tomers by further shrinking its service to its existing customers. Most businesses, whether they are large or small, would redouble their efforts to better serve their customers in hopes of retaining them and attracting new businesses. Yet the current plan by the Postal Service would slow the delivery of first-class mail, close facilities, and ignore Congress. It flies in the face of the good-faith that I and the other negotiators have extended to the Postal Service during the many months we have worked on the reform bill. We have worked hand in hand over a number of months with the Postmaster General to craft a bill that would save the Postal Service money in a way that prioritizes the lifeblood of the mail: the mailers and the service around which commercial mailers have built their business models and around which individual customers have developed their mailing habits. Despite these negotiations, the Postmaster General has pushed ahead with plans to abandon the current mail service standards in favor of reduced access, slower delivery times, and higher prices. That will simply force many customers to pursue delivery alternatives. If those adjustments involve shifting to nonpostal alternatives— even in a minority of cases, say, 10 or 20 percent—the Postal Service would face an irreversible catastrophe. For once customers turn to other communications options and leave the mail system, they will not be coming back. The result will be that the Postal Service will be sucked into a death spiral from which it will be unable to recover. We simply cannot allow that to happen. What do I mean when I say businesses will adjust their business model? Companies large and small that rely on the mail tell me if service continues to deteriorate—if the Postmaster General engages in these wide-ranging closures of essential processing plants—the Postal Service’s customers will conduct more business online and encourage their customers to switch to online services for bill paying and other transactions. Other companies, such as small weekly newspapers or pharmaceutical suppliers, have told me they would seek nonpostal delivery options, such as for local delivery and transport services. Again, let’s assume only a small fraction of businesses change their operations by shifting away from the Postal Service. It still could spell the end for the U.S. mail system. Listen to this statistic: For every 5 percent drop in first-class mail volume, the Postal Service loses $1.6 billion in revenue. That is why the downsizing of the labor force and excess capacity the Postmaster General states is so critical to saving the Postal Service must be carried out in a way that preserves service and does not inflict avoidable harm on dedicated postal workers. Too many in the Postal Service leadership have assumed this simply can-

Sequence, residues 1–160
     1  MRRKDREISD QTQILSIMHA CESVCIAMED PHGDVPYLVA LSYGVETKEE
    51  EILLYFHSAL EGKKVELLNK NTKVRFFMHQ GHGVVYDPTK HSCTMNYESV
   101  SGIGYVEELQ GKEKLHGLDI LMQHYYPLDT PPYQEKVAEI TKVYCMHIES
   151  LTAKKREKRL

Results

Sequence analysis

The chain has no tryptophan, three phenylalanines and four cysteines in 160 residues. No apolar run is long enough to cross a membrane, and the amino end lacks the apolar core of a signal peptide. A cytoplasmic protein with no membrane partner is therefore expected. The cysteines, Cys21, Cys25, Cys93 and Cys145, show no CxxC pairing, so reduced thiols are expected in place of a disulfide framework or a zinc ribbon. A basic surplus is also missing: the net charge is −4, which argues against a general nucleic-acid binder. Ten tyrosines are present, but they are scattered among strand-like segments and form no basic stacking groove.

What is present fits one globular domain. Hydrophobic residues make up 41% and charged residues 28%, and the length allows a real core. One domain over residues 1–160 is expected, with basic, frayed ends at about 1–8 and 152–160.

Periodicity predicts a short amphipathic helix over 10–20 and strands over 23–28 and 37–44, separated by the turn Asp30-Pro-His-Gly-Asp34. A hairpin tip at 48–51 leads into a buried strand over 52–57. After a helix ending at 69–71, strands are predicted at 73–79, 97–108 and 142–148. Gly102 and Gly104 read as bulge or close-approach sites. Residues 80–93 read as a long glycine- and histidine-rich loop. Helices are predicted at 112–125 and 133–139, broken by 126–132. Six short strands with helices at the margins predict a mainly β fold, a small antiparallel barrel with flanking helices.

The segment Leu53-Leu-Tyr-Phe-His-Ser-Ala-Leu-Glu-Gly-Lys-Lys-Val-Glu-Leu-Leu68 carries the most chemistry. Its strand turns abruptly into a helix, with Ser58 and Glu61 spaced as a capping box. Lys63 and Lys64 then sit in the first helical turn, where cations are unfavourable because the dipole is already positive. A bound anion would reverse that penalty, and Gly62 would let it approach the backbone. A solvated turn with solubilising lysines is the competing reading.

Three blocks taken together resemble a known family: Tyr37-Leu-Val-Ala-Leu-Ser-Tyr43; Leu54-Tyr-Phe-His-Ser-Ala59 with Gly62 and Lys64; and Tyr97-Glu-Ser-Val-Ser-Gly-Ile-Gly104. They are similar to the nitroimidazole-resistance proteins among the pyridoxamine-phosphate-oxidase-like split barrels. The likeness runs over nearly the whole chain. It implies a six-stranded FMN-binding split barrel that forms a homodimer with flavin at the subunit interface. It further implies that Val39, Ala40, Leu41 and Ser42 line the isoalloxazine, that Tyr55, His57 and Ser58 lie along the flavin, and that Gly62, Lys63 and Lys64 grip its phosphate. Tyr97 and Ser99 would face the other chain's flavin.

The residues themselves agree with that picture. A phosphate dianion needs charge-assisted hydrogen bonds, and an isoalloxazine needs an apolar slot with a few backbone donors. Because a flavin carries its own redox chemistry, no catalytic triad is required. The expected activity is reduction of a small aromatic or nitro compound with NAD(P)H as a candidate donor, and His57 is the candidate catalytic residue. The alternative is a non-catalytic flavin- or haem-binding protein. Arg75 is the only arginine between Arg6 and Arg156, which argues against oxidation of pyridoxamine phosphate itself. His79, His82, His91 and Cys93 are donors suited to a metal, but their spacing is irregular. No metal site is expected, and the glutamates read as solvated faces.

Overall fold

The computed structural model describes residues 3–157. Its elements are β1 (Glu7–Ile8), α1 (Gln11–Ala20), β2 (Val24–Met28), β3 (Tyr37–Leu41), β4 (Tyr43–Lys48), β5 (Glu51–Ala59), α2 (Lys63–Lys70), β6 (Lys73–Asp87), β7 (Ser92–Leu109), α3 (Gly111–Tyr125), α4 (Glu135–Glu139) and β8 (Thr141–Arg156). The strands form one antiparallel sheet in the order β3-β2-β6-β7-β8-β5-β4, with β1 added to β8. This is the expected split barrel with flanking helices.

S1775

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billion. First-class mail volume has dropped 26 percent since 2006, and the trends are not encouraging. Since no one wants the mail to stop being delivered later this year, that means we must pass a postal reform bill and we must do so soon. The economic impact of the Postal Service is enormous. It is the linchpin of a mailing industry that employs more than 8.5 million people and generates almost $1 trillion of economic activity every year. Virtually everyone—from big retailers to small businesses, to online shops—relies on the Postal Service to deliver packages, advertise services, and send out bills. The jobs of Americans in fields as diverse as direct mail, printing, catalog companies, and paper manufacturing are all linked to a viable Postal Service. Nearly 38,000 Mainers work in jobs related to the mailing industry, including thousands at our pulp and paper mills, such as the one in Bucksport, ME, which manufactures the paper that is used for Time magazine. My point is, many of us think in terms of the post office by way of the small post office that may be in our community or the friendly letter carrier who comes to our door. Certainly, that is an important part of the service provided by the Postal Service. But the economic impact of the Postal Service is enormous. The crisis facing the Postal Service is dire. They cannot lose billions of dollars year after year after year and hope to stay in business. The crisis is not, however, hopeless. With the right tools and action from Congress, the administration, and the Postal Service leadership, the Postal Service can reform, rightsize, modernize, and continue to serve our country for generations to come. My colleagues—Senator LIEBERMAN, Senator CARPER, Senator BROWN—and I have worked extremely hard during the past several months to craft bipartisan legislation to update the Postal Service’s business model and give it the tools it needs to survive and succeed. We have introduced a bill that will help the Postal Service reduce its operating costs, modernize its business model, and innovate to generate new revenue. However, the Postmaster General and I fundamentally disagree on how to save the U.S. Postal Service. I am concerned—indeed, deeply worried—that he continues to make decisions that will severely degrade the service and drive away customers, and that will undermine the opportunity for our bipartisan legislation to be successful. It is clear we have two very different visions on how best to help the Postal Service. While each of us wants to ensure that the Postal Service is set on a sustainable path, I fear the Postmaster General’s approach would shrink the Postal Service to a level that will ultimately hasten its insolvency. I cannot think of another business that would respond to a loss of cus-